Needless to say, we wasted very little time getting the ice cream maker frozen and frozen yogurt into our tummies. We picked this recipe out because, surprise of all surprises, Ben had all the ingredients on hand. Yes, there are only three ingredients, but this is a boy apartment we are talking about here. The sugar dissolves into the yogurt quickly and makes a pre-ice cream batter that taste delicious. After about 20 minutes of turning, this soft, sweet fro-yo stuff comes out and it's truly delicious. After freezing a few more hours in the freezer, it firmed up quite a bit, the sweetness mellowed out and we could actually scoop balls out of it. We ate a few servings of it topped with strawberry rhubarb jam, but mostly we ate it standing up in his kitchen right out of the container. 2012 is going to be a good, ice cream-filled year...
I'm moving, again!! I know, I haven't even unpacked all my boxes from the last move. Ah well, there's not point now! My Crock Pot and KitchenAid are already in Illinois, which makes me sad, because I just discovered this. So get ready for an onslaught once I finally get to Rockford!
P.S. Dear, please do not hate me for posting the picture of you. I think it's cute and charming. Thank you.
Rich Vanilla Frozen Yogurt
Adapted from David Lebovitz The Perfect Scoop, another amazing Christmas gift
1 c. granulated sugar
1 1/2 tsp. vanilla extract
Stir all ingredients together well, until sugar dissolves completely (this will not take terribly long at all). Doing this in a bowl with a pour spout is a very good idea. Chill in fridge 30-60 minutes, depending on your patience.
Plug in ice cream maker and get it running. Pour in yogurt mixture. It will be thick and it will likely be a little messy. Freeze according to your maker's instructions. Enjoy immediately if you like it soft, or freeze in air tight container for a few hours, once again depending on your patience!
Thursday, January 5, 2012
I was so ready to love this recipe. And to be honest, I've managed to talk myself into thinking maybe I actually did. I blame the confusion on this sickness that I really just can't seem to kick out of my system. Obviously my food loving sensory detectors are on the fritz if the rest of my body is feeling this crudy. I should be doing nothing but watching movies on my couch, in my pjs, eating buckets of gooey, yummy, milk rice.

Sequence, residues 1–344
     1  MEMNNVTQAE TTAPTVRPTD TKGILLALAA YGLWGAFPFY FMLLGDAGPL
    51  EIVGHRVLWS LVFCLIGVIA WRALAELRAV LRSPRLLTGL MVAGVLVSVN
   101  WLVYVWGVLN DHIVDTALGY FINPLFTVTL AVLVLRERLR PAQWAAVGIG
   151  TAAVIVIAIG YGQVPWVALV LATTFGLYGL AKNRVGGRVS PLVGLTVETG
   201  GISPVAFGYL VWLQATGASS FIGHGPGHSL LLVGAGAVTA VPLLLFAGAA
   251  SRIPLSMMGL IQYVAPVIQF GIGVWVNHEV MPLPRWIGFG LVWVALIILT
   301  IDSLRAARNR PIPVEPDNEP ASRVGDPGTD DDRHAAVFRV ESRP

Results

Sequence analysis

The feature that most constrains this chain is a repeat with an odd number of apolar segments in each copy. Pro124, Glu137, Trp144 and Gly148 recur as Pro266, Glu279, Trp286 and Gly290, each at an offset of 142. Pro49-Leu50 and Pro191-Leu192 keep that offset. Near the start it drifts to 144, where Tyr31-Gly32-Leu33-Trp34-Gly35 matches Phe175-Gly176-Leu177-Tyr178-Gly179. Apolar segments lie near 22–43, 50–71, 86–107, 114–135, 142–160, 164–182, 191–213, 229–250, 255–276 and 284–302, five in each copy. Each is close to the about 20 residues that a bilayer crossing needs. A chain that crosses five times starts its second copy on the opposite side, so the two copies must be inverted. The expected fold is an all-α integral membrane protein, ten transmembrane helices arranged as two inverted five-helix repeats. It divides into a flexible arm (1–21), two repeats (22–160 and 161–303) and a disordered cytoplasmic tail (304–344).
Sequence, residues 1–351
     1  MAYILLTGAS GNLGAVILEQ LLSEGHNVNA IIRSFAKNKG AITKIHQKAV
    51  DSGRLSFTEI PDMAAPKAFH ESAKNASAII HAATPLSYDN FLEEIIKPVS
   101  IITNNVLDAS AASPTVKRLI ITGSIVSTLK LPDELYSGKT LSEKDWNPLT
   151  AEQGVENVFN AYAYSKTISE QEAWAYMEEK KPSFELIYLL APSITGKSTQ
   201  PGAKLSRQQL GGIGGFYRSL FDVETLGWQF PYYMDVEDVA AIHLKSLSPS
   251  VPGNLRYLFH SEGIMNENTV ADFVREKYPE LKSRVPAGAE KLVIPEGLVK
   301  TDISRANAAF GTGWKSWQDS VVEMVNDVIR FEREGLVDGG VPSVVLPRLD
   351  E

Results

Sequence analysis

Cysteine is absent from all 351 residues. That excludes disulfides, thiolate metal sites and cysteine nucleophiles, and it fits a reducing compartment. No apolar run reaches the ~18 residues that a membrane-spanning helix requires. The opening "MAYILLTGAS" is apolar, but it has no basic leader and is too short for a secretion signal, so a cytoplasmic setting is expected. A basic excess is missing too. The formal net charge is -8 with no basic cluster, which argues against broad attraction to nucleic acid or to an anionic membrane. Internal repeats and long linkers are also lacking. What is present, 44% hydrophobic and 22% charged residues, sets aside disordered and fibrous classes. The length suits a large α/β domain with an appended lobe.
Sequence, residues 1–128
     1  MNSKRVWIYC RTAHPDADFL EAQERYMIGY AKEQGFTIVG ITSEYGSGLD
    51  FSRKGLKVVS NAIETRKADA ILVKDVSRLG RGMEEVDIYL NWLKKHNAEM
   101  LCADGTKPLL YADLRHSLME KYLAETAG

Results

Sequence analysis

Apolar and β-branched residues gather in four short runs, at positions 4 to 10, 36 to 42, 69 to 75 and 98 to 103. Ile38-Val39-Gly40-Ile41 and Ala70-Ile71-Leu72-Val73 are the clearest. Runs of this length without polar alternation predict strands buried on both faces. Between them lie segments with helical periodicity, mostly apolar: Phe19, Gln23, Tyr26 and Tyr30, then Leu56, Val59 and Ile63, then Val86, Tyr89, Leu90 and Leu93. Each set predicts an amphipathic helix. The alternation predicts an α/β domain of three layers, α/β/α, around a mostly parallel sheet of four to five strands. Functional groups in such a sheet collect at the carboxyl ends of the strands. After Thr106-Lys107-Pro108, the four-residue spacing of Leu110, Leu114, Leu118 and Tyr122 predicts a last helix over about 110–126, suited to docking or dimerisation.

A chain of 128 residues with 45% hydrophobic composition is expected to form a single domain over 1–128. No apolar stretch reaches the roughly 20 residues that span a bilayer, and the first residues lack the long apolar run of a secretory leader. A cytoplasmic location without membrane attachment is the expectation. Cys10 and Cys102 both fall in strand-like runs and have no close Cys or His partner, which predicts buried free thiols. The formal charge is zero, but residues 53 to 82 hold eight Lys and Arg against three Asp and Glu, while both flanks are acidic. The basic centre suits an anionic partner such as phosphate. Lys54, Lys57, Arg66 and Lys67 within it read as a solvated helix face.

Yet, I'm at work each day, working out a few times afterwards, going grocery shopping, cooking, cleaning and doing laundry, and oh yeah, getting ready to move in a matter of days. And then I made cheesy, slow roasted onions, wanting so desperately to love them like I thought I was meant to, and I just couldn't.
Which is a pity, because when you see how simple this recipe is, you can imagine how great it would be to love them. To come home and even with a to-do list that is a mile long, still get these in the oven in less than 3 minutes. I think the problem came from too much Meyer Lemon Olive Oil (a Homegoods purchase I am still so psyched about) and weird cheese. Yes, mostly I blame the cheese. Don't ask for reasons, because it makes sense in my clouded brain. Next time around I'll stick to something a bit more normal, less adventurous, you know aged cheddar or something. And yes there will be a next time, because I know deep in my bones that I was made to love cheesy, slow roasted onions. We were meant to be.
I'm moving, again!! I know, I haven't even unpacked all my boxes from the last move. Ah well, there's not point now! So, please be patient with me and the lack of creativity as we work through my cooking backlog and I get the rest of my stuff packed back into boxes... again.
Cheesy, Slow Roasted Onions
From November 2011's Cooking Light
Olive Oil, preferably fruity
Preheat oven to 350 degree F.
Peel and quarter onion by cutting a cross from the top of each almost to the root. Place in oven proof dish and drizzle lightly with olive oil ("A fruity olive oil is best if you have the choice"). Tent onions in foil. Place in oven and roast for 45 minutes.
Remove onions from onion and discard oil. Spoon some oil over the onions and return to oven, uncovered, until golden and soft, about 15 minutes more.
While roasting, slice some cheese thinly (recipe suggests cheddar, Gruyere, or Camembert). Once onions are soft, top with cheese and return to oven until cheese is melted. Serve immediately.